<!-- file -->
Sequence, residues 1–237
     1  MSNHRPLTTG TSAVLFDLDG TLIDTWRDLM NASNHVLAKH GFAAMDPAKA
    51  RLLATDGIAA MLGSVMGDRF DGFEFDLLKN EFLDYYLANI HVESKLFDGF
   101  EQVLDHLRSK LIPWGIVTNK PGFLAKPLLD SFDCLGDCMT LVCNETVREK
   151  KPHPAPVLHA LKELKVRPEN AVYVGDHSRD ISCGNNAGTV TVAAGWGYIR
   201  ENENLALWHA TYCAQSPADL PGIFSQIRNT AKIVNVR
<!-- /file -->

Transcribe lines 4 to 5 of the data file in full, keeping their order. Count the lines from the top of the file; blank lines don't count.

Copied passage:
   101  EQVLDHLRSK LIPWGIVTNK PGFLAKPLLD SFDCLGDCMT LVCNETVREK
   151  KPHPAPVLHA LKELKVRPEN AVYVGDHSRD ISCGNNAGTV TVAAGWGYIR